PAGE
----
I believe this photo says it all.
Last week my friend, M.L. John, (http://mljohn.wordpress.com/2014/07/20/writing-process-blog-tour/) invited me to participate in the world-famous Writing Process Blog Tour and posted it. Now I get to invite three authors to participate the following week, 7/21/2014, and pick which day of the week. Then they get to invite three authors for the following week.
M.L. John asked me to answer a series of questions about my process and to share them with all of you lovely people. I felt this would be a great thing to share, since beginning writers are so often trying to figure out how it works for other writers. The thing I would like you most to take away from this blog is that there is no right way. Whatever helps you put words on a page is a valid process. So, without further ado:
1. What am I working on?
I am working on several novels at the moment. One happens to be the sequel to a book published in 2011. It’s paranormal/urban fantasy. I just finished a book in the genre New Adult that I am excited about and hope to have published in August (I’m in edit mode now). It is a coming of age story, about a warrior who discovers his loyalty to those he protects is misplaced; it is also about betrayal and elements of romance. I also have a filing cabinet full of a science fiction books written over the years that I want, one day, to whip into shape and perhaps find a publisher for. Another finished book is called Darkside. It’s a urban fantasy about a thief who gets more than he bargained for when stealing an amulet from a patron in a marketplace. Hopefully I will find a home for it. I also have a notebook full of ideas amassed for more book projects to tackle, or I might revisit one of four books I started but, for one reason or another, abandoned.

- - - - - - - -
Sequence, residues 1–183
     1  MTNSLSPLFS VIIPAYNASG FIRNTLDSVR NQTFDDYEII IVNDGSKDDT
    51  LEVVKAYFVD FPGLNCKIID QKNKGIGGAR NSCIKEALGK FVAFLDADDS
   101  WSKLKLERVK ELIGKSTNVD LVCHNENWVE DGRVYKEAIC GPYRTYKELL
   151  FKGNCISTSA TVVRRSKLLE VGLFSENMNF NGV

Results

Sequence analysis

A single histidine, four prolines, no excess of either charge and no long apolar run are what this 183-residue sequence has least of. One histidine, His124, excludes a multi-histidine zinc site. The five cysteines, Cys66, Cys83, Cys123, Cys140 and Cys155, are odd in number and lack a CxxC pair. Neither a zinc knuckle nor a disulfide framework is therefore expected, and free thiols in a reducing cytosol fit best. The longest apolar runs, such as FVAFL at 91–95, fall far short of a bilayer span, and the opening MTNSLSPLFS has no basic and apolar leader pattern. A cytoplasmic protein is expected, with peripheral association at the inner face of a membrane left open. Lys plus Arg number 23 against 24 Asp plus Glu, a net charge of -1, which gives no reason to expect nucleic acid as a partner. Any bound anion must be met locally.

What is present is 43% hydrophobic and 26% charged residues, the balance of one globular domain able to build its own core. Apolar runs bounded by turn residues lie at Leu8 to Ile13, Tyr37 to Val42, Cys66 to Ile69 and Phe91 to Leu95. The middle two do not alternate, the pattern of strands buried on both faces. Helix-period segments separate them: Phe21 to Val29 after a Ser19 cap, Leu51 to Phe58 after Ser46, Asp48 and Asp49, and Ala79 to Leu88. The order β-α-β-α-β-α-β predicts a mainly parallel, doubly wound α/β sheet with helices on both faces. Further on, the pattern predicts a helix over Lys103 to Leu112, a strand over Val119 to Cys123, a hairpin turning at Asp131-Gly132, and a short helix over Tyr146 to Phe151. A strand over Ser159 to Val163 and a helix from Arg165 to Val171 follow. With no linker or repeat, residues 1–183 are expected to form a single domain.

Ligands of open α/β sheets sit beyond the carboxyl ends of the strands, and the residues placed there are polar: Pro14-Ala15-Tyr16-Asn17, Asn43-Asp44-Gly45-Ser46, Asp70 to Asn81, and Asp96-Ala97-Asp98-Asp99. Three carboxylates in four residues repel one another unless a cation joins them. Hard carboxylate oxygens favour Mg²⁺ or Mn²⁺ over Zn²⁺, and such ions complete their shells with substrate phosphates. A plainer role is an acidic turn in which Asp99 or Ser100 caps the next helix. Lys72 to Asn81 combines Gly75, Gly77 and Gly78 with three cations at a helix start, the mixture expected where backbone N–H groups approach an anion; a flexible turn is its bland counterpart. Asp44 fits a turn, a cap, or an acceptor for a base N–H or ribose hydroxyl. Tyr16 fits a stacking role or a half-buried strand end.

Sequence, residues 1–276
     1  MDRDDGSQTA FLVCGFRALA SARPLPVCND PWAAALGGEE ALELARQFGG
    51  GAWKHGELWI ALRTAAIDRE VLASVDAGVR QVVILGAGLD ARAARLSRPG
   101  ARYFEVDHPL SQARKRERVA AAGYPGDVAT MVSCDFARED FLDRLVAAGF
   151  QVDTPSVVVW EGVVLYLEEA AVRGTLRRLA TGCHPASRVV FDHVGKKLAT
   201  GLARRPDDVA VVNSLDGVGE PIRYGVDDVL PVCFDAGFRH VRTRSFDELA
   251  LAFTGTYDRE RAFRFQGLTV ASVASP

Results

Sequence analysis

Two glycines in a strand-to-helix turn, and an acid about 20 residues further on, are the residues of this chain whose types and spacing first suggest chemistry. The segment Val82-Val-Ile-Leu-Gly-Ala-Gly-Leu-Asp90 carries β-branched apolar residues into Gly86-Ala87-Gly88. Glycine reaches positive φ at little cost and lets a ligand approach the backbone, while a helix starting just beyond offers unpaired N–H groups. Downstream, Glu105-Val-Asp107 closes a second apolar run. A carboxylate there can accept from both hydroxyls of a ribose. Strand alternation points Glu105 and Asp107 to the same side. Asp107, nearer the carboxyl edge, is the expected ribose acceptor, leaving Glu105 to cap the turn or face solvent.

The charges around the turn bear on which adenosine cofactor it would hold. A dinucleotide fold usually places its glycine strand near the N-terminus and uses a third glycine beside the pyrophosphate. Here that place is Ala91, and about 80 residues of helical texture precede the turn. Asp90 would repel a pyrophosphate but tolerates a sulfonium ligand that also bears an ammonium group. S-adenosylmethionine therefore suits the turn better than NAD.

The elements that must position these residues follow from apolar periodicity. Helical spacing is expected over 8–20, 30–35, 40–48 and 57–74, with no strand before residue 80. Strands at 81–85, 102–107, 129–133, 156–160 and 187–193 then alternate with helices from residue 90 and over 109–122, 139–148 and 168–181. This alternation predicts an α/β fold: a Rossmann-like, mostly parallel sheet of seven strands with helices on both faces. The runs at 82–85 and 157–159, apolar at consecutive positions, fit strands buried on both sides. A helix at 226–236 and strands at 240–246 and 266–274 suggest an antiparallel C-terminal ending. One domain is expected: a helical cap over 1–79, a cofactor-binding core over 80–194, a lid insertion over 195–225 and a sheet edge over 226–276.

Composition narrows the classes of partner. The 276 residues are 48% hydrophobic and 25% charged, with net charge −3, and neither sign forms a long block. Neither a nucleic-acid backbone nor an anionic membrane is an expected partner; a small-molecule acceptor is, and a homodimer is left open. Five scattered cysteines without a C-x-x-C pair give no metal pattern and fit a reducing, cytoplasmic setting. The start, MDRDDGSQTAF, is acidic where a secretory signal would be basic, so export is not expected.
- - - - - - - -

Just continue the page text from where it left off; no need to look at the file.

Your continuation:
2. How does my work differ from others of its genre?
I think the most ‘different’ aspect of my work is the way I portray vampires. While a lot of writers put them in large castles with unlimited cash flow and attitudes that would make a statue cringe, my characters have the same issues as mortals. There are homeless, maladjusted, rich, poor, and those who just do not care about anything. One character has a lot of hang-ups which hinders his ability to get into a solid relationship. And, when he does, the love he finds has more issues then he does. My work reflects vampires in situations that are common to regular people, which, in my opinion, are challenging. To me, vampires are never boring and never the same. It’s a challenge trying to keep them unique enough to interest readers in spite of the glut that has happened over the past ten years.